Sustainable Danville Area – Tip of the Month
By Loren McDonald
On August 29, the California State Legislature passed SB 270, a bill that will prohibit the distribution of single-use plastic bags in grocery stores, convenience stores and drugstores. Governor Brown, signed the bill on September 30th, but the American Progressive Bag Alliance (a coalition of manufacturers) have taken steps to gather signatures and qualify for a referendum to repeal SB 270 on the November 2016 ballot.”
According to Californians Against Waste, there are currently 98 ordinances in the state that already ban plastic bags in 122 cities and counties. Locally Walnut Creek passed such an ordinance in March of this year and in August, the Danville Town Council has directed staff to prepare a local measure for review. Learn more about this at http://www.danville.ca.gov/plasticbags/ and send comments and questions to firstname.lastname@example.org
So What’s The Problem With Plastic Bags?
Single-use plastic bags are convenient for consumers and inexpensive for owners of stores, however, their drawbacks are significant and include:
- Plastic bags are believed to take hundreds of years to decompose.
- In California, CalRecycle estimates that only about 3% of plastic bags are recycled.
- They are a key source of litter, partially driven by their light weight and ease of flying away.
- According to the Worldwatch Institute, each year tens of thousands of whales, birds, seals, and turtles die from contact with ocean-borne plastic bags.
- They are made from non-renewable natural gas and petroleum.
3 Alternatives to Plastic Bags
One of the issues with single-use plastic bags is that they aren’t just used to carry items home from the supermarket, fast-food restaurants or pharmacies. Once at home, many consumers like to re-use these bags for other purposes, primarily to line trash baskets and for dog waste.
The following are some alternatives to the plastic bag for the above common uses:
- Re-usable shopping bags: With or without bans on plastic bags, consumers have been adopting the use of reusable bags in a big way, appreciating their larger size, durability and strength.
The biggest challenge for most consumers to make the switch is to remember to bring them into the store. Here are a few tips to consider:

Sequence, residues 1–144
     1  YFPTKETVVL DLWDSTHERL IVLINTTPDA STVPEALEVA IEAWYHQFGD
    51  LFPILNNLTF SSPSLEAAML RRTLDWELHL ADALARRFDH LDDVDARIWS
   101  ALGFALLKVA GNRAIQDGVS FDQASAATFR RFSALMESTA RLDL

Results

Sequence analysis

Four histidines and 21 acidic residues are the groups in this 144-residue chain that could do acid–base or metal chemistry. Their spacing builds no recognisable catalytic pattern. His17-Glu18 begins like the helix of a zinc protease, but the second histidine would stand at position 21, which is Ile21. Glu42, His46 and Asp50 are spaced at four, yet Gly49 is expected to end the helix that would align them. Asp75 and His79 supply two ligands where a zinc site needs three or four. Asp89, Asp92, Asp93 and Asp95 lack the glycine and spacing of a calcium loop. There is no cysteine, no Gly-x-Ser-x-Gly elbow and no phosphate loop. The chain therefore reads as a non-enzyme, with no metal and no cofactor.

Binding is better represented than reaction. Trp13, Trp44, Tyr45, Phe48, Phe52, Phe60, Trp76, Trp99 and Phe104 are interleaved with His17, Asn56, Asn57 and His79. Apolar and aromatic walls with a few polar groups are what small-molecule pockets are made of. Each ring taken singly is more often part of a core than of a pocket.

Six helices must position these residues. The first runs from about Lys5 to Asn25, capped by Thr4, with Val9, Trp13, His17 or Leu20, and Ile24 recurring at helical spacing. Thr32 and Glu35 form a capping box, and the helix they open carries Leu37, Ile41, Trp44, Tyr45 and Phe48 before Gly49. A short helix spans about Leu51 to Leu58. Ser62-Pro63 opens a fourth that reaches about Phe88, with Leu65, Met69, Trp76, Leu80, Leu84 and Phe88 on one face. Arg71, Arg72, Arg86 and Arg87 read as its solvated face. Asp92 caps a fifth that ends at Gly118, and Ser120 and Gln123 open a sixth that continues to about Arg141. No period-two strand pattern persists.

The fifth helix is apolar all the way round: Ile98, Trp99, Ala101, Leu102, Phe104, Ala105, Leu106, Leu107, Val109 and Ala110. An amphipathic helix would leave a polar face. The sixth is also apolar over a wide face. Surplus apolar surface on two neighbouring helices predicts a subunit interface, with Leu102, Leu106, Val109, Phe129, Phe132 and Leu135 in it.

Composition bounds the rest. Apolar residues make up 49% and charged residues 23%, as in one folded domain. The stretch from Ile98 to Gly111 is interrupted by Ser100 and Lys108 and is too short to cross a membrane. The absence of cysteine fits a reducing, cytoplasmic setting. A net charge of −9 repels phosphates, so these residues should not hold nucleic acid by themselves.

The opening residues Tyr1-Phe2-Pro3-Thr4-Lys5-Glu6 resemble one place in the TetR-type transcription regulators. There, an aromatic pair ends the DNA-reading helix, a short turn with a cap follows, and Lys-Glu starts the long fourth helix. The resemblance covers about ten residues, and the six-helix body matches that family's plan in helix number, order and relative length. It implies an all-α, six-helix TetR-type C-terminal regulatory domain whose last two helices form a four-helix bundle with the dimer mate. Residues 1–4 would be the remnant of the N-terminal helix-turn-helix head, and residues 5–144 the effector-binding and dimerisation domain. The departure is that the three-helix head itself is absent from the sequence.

- Buy several bags and keep at least three or four in your vehicles.
- When you get out of your car to go shopping, simply grab the bags and go. After a few months, this process will become second nature, and you will rarely forget to take them.
- Wash your bags on a regular basis. Use soap and water when washing by hand – many can be tossed into your washing machine.
- Preferably, purchase a ‘Made in the USA’ cloth-type bag, made of cotton or similar materials. Alternatively, opt for a bag made of recycled materials.
- Bi-degradable dog waste bags: One of the most common complaints about plastic bag bans is from people who like to use them for their dog waste. But if you put your dog’s waste into a plastic bag, then A) That bag is definitely not useable; and more importantly B) It is no longer recyclable.
The best alternative is to purchase biodegradable dog waste bags. Depending on the material used, biodegradable bags will break down typically within a few months or 1-2 years. They are widely available including most pet supply stores and online retailers.
If you buy in bulk, biodegradable bags only cost about a penny more than non-biodegradable bags. If you use 2 bags per day you would pay less than $4 per year (the cost of one latte).
- Paper or biodegradable compost and trash bags. A key problem with using plastic bags in trash bins and baskets in your kitchen, den, bathrooms and garage, is they inhibit the decomposition of items in the bag in the landfill.
A better approach then is to reuse compostable paper bags from the supermarket or other store. Even better, however, is to purchase biodegradable trash bags. Depending on the brand and quantity you purchase, 13-gallon kitchen or smaller 3-gallon biodegradable bags will typically cost just a few pennies more per bag than the traditional plastic trash bag. Biodegradable trash bags are a bit harder to find in your local store than plastic trash bags, so I like to order several boxes at a time from Amazon.com, which will last me for a year or so.
Like the end of using chlorofluorocarbons in aerosol spray cans in the late 80s, single-use plastic bags are rapidly being phased out across the U.S. and world. The transition away from plastic bags for both merchants and consumers will be an easy one, as the alternatives are many and widely available today.
Loren McDonald is a Danville resident, member of the Sustainable Danville Area and blogs about green issues at Loren-Green.com
Reprinted by permission: Danville Today News